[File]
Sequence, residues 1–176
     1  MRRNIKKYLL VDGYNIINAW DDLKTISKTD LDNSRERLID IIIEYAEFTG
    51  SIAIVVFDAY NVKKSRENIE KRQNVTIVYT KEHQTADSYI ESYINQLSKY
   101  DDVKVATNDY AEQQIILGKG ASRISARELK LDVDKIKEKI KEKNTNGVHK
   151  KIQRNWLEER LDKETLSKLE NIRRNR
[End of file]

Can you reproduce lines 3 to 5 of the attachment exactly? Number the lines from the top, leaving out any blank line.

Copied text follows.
    51  SIAIVVFDAY NVKKSRENIE KRQNVTIVYT KEHQTADSYI ESYINQLSKY
   101  DDVKVATNDY AEQQIILGKG ASRISARELK LDVDKIKEKI KEKNTNGVHK
   151  KIQRNWLEER LDKETLSKLE NIRRNR